The discovery was made during a salvage excavation ahead of a construction project that began last year; a 21-mile-long (35 kilometers) gas pipeline was supposed to run through the site, but engineering plans were revised to go around the ruins, IAA officials said. Salvage excavations are common in Israel to avoid building over ancient sites. For instance, remarkably well-preserved Byzantine church mosaics were recently revealed ahead of the construction of a park, and an ancient Roman road connecting Jerusalem to Jaffa was uncovered ahead of the installation of a drainage pipe.

 

Bible Archaeology

Ancient Church Mosaic With Symbol of Jesus Uncovered in Israel

Another magnificent archaeological discovery uncovered in the Holy Land:

Archaeologists in Israel have uncovered intricate mosaics on the floor of a 1,500-year-old Byzantine church, including one that bears a Christogram surrounded by birds.

The ruins were discovered during a salvage excavation ahead of a construction project in Aluma, a village about 30 miles (50 kilometers) south of Tel Aviv, the Israel Antiquities Authority (IAA) announced Wednesday (Jan. 22). Excavator Davida Eisenberg Degen said the team used an industrial digger to probe a mound at the site, and through a 10-foot (3 meters) hole, they could see the white tiles of an ancient mosaic.

Much of the church was revealed during excavations over the past month. The basilica was part of a local Byzantine settlement, but the archaeologists suspect it also served as a center of Christian worship for neighboring communities because it was next to the main road running between the ancient seaport city of Ashkelon in the west and Beit Guvrin and Jerusalem in the east. [See Images of a Byzantine Mosaic Discovered in Israel]

“Usually a Byzantine village had a church, but the size of this church and its placement on the road makes it more important,” Degen told LiveScience.

Remarkable finds

The excavators plan to keep working on the site for another week, but one of the most remarkable finds so far was a mosaic containing a Christogram, or a “type of monogram of the name of Jesus,” Degen said.

At the time, Byzantine Christians wouldn’t have put crosses on their mosaic floors so as to not step on the symbol of Christ, Degen explained. The Christogram in the mosaic may look like a cross, but it’s actually more like a “chi rho” symbol, which puts together the first two captial letters in the Greek word for Christ, and often looks like an X superimposed on a P. There is an alpha and omega (the first and last letters of the Greek alphabet) on either side of the chi rho, which is another Christian symbol, as Christ was often described as the “”the beginning and the end.” Four birds also decorate the mosaic, and two of them are holding up a wreath to the top of the chi rho.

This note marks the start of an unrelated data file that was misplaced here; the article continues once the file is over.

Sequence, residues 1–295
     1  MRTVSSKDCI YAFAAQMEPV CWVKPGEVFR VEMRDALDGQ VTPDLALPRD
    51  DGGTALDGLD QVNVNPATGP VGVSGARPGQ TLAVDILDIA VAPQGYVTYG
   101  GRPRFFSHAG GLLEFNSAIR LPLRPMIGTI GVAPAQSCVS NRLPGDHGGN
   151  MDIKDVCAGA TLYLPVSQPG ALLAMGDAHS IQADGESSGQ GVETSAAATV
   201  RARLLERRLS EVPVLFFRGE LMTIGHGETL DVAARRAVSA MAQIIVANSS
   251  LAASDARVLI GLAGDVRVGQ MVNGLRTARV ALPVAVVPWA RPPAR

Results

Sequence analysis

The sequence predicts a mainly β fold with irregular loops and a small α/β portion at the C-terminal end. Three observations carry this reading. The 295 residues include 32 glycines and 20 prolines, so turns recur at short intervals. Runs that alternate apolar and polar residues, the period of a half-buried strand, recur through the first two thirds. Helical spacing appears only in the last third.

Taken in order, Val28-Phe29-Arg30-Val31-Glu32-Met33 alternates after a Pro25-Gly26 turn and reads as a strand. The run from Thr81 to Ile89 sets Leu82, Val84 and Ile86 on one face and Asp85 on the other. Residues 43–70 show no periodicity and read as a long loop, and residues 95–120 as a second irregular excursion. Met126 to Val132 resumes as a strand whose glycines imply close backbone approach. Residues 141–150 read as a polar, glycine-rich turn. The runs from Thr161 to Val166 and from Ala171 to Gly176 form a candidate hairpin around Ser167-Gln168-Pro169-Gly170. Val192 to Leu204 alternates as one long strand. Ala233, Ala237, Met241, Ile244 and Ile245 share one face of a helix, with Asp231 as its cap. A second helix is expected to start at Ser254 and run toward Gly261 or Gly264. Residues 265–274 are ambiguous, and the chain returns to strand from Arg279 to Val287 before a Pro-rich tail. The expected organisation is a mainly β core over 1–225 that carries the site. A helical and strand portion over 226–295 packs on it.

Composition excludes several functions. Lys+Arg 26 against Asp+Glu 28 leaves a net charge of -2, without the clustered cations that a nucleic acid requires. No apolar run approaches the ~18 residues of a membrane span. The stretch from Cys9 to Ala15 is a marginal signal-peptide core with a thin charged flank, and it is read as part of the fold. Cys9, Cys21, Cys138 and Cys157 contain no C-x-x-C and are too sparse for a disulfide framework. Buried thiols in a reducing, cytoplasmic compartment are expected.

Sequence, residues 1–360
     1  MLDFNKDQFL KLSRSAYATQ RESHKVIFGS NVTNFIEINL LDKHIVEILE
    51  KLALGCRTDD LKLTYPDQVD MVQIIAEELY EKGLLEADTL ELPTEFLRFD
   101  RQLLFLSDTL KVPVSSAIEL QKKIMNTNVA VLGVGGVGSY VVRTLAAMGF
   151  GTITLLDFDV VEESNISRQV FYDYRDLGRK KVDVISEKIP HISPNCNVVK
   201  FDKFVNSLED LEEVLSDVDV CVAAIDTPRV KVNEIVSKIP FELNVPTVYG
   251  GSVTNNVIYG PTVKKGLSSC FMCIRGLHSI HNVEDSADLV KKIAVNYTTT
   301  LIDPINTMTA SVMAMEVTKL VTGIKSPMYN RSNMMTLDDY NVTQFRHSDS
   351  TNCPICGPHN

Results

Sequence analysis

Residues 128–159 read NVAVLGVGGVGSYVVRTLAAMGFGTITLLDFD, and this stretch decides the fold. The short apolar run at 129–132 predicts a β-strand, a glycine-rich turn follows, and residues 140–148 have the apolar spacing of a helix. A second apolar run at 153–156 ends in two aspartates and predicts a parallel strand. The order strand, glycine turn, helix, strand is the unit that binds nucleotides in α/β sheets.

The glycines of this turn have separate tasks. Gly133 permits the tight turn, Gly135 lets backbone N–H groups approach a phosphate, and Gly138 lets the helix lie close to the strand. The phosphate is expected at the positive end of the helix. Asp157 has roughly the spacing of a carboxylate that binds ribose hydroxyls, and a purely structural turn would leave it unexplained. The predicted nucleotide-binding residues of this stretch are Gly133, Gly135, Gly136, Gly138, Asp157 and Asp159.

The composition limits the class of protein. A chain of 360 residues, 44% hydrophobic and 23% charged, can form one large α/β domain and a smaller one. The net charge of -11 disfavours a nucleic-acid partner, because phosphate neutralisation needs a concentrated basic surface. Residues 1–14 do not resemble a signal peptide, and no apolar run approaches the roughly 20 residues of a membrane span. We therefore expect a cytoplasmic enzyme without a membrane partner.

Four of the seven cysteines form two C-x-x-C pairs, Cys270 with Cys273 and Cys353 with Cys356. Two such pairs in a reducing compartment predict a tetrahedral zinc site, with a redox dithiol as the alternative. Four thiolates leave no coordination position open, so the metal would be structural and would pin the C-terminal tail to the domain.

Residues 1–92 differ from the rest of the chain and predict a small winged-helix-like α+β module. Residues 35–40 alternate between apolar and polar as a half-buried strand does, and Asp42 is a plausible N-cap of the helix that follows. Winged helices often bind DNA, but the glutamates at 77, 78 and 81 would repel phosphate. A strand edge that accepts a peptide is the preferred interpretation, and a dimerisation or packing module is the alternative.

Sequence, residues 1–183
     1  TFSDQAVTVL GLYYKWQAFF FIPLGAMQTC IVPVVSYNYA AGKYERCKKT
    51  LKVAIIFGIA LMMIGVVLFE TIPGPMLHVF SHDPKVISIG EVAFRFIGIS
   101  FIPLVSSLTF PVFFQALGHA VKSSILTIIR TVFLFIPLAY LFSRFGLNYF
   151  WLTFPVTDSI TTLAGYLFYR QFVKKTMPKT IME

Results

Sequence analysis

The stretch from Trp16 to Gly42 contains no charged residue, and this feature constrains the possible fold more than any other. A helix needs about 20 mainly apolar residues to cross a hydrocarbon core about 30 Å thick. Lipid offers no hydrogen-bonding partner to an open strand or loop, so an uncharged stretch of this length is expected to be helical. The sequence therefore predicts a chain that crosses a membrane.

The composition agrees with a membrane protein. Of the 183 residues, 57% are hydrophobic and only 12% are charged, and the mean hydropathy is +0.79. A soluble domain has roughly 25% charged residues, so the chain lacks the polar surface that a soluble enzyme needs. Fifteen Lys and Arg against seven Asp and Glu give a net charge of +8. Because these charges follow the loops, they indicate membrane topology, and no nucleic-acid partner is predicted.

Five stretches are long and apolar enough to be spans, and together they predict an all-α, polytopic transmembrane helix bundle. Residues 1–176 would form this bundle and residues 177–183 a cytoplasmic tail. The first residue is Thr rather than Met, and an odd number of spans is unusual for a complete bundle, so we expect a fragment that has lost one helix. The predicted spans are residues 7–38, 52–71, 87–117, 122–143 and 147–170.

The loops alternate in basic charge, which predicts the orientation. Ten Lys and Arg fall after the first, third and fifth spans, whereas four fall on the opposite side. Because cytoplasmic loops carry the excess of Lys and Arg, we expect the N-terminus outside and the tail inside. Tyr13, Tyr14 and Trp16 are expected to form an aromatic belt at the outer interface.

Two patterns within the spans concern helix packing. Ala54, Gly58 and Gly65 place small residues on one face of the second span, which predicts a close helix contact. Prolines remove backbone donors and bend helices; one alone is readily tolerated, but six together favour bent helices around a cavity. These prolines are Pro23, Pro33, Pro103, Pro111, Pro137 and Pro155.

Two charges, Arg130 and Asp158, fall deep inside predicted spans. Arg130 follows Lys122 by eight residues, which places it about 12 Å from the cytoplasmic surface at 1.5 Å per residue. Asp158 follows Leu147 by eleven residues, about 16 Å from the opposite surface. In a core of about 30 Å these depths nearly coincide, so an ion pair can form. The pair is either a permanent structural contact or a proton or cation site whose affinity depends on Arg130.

Inside the 72-by-39-foot (22-by-12-meter) basilica, archaeologists also found marble pillars and an open courtyard paved with a white mosaic floor, said Daniel Varga, director of the IAA’s excavations.

Just off the courtyard, in the church’s narthex, or lobby area, there is “a fine mosaic floor decorated with colored geometric designs” as well as a “twelve-row dedicatory inscription in Greek containing the names ‘Mary’ and ‘Jesus’, and the name of the person who funded the mosaic’s construction,” Varga said in a statement.

The mosaics in the main hall, or nave, meanwhile, are decorated with vine tendrils in the shape of 40 medallions, one of which contains the Christogram. Many of the other medallions contain botanical designs and animals such as a zebras, peacocks, leopards and wild boars, the excavators said. Three contain inscriptions commemorating two heads of the local regional church named Demetrios and Herakles.

Other discoveries

The archaeologists found traces of later occupation on top of the church, including early Islamic walls and Ottoman garbage pits. (Aluma is located near the Ottoman and later Palestinian village of Hatta.) The excavations also revealed Byzantine glass vessels and a pottery workshop for making amphoras, cooking pots, kraters, bowls and oil lamps, IAA officials said.

To avoid building over ancient sites, archaeologists are often brought in for salvage digs ahead of construction projects like this one, sometimes yielding stunning discoveries; for instance, a “cultic” temple and traces of a 10,000-year-old house were discovered at Eshtaol west of Jerusalem in preparation for the widening of a road. And during recent expansions of the main road connecting Jerusalem to Tel Aviv, called Highway 1, excavators found a carving of a phallus from the Stone Age, a ritual building from the First Temple era and animal figurines dating back 9,500 years.

Regarding the new discoveries, the IAA plans to remove the mosaic for display at a regional museum or visitors’ center, and the rest of the site will be covered back up.

Haaretz also has the news with more pics:

Archaeological finds in Lachish

The IAA press release on the find is here.

 

Bible Archaeology

The Archaeological Survey of Israel

Which is a fantastic archaeological site by the Israel Antiquities Authority.

Dr Aren Maeir (HT) notes:

Dr. Ofer Sion, who is the head of the survey department at the IAA, sent out an email today from which I first saw the excellent website of the Archaeological Survey of Israel. On this site (here is the Hebrew version and here is the English one [which is still listed as a beta version]), you can get online versions of 83 survey maps that have been published so far, including those that were published in hard and electronic forms. There are maps, photos, pottery plates, and most important, accessible summaries, and hard data, from all these maps.

Do check this out – it is an outstanding resource!

That it is! Enjoy.